This morning felt like autumn. Cold on the hands, and mist hanging in the road’s low-lying hollows. Scudding dense clouds doubled the dark in the early hours. On the edge of Sheppey’s marshes, where the Harty church hunkers squat, I waited, alone and silent.
It broke suddenly at first light, as though conjured with light from dark hedge and thorn. Last week I’d happened upon this very bird at Elmley reserve, further west along the estuary – a young pallid harrier; slender-winged, ring-tailed, collared, rich chocolate-brown, with underparts the colour of October stubble fields, fermenting windfall. It quartered between sheep, rested in the sallow grass, then lifted out of sight over the sea wall. In the following week it was sighted briefly elsewhere, before it settled for happy hunting along these fields that slope to the Swale mud. Today I was back for a second glance. The bird burst into the still, flushed a partridge, and sat mid-field to pluck and tear.
Once, aged ten, I found a red-backed shrike on the cliff top at Walton-on-the-Naze. I ran all the way back to the beach to fetch my father, desperate to show him the bird, impatient at his slowness the whole way back. But this pallid harrier is my first self-discovered big rarity. It’s a bird at home far, far east of here – Ukraine, Kazakhstan, on the Russian Steppes – and should be wintering in Africa or India. It’s what’s known in birding terms as a ‘vagrant’ – an avian wanderer off course, far outside its normal range. All birds are vagrants in a sense, of course. That’s what makes them so compelling – airborne, liberated from our earthbound mammalian living, they are masters of travel, the embodiment of mystery because they take off as they please, pursuing directions that seem to us entirely directionless and unpredictable. Some birds make seasonal journeys across the globe, flying great distances north to breed, and south again to winter in warmer climes where food is more abundant. Many of our much-loved, most familiar, British birds are ‘migrants’ (the ornithological term for these birds that have specific, come-and-go seasonal flight routes): swallows, nightingales, cuckoos, turtle doves. They all winter in Africa and breed in Northern Europe. Other birds – curlew sandpiper, arctic tern, corncrake – stop briefly to feed on their return from breeding grounds in the Arctic or far north of Britain. It works the other way around too – some birds such as the barnacle goose, fieldfare, whooper swan come to our comparatively temperate shores from the high Arctic to see out the winter.
Migrants can usually be expected, if you’re in the right time and the right place. Vagrants, however, offer no such assurances, which is, of course, what makes them so exciting to birdwatchers. These are the wayward wanderers, the migrants who got it wrong, who end up the other side of the world, sometimes as far from ‘home’ as it’s possible to get. In May and October (traditionally the most active migration months), the frisson of finding and watching is intensified, because these are the times when great rarities occur: Yanks blown across the Atlantic by tremendous weather fronts to land on west-facing isles or fall exhausted onto ships; tiny warblers bound from Siberia to southeast Asia whose fuddled magnetic sensibilities send them off in entirely the wrong direction; birds that overshoot their destinations by hundreds of miles. Some birders will go to great extremes to add these birds to their lists – ‘twitchers‘ who travel the length and breadth of the UK for each species as soon as it’s reported. (One chap who joined me watching the harrier a little later this morning had just returned from twitching an eastern kingbird (from North America) on the Isle of Barra; a fourteen hour trip from the outer Hebrides, two hours in between to grab a coffee back home in Slough, and he was on the road again to see the Sheppey harrier.)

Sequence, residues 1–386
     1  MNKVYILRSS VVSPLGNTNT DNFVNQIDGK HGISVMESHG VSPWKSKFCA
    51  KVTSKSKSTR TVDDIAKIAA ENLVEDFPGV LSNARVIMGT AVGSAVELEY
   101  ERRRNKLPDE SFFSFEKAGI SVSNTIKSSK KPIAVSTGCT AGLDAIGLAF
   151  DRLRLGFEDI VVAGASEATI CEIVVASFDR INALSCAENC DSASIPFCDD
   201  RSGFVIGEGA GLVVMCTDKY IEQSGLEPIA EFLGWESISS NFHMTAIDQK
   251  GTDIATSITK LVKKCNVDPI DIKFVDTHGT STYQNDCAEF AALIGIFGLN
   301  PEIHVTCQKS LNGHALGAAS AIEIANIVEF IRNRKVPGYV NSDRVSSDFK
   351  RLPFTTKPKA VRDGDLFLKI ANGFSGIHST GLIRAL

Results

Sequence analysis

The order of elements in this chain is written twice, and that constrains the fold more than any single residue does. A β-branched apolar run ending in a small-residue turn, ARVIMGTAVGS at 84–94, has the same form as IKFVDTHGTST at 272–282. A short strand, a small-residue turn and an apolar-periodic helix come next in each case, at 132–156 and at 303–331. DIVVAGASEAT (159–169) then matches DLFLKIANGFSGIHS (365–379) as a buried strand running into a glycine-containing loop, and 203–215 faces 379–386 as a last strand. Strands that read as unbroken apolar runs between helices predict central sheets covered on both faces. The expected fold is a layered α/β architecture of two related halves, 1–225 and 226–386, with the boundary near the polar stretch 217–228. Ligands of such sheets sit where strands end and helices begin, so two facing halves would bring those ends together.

It’s not clear precisely why pallid harriers turn up on British shores – as with other raptors, these individuals may be wandering, inexperienced juveniles straying beyond their range, or even seeking and expanding territories (the species’ range has begun to stretch westwards). It’s still a very rare species, but more and more seem to be turning up here during autumn months.
Taking pleasure in these lost or outlying birds seems perverse in one sense; they are, after all, moribund creatures – their mistakes or bad fortune may well be their end. Larger birds, like the harrier, are likely to fare better, correcting themselves or surviving well in their accidental wintering grounds. But the privilege of moments like these can and should inspire further wonder at the natural world, re-engage our sense of the everyday, which is suddenly and marvellously ignited when the new and mysterious come upon what we take to be old and known. Degrees of familiar and unfamiliar shift, for a time, though novelties – however strange or fine – so easily become ignored ordinaries. The pallid harrier brings to me an elsewhere, carries a yonder and farness to this here, now and near. It speaks of the world’s vastness, but collapses it, too, by connecting me briefly to long-travelled distances and encounters, shared lines of occurrence and being.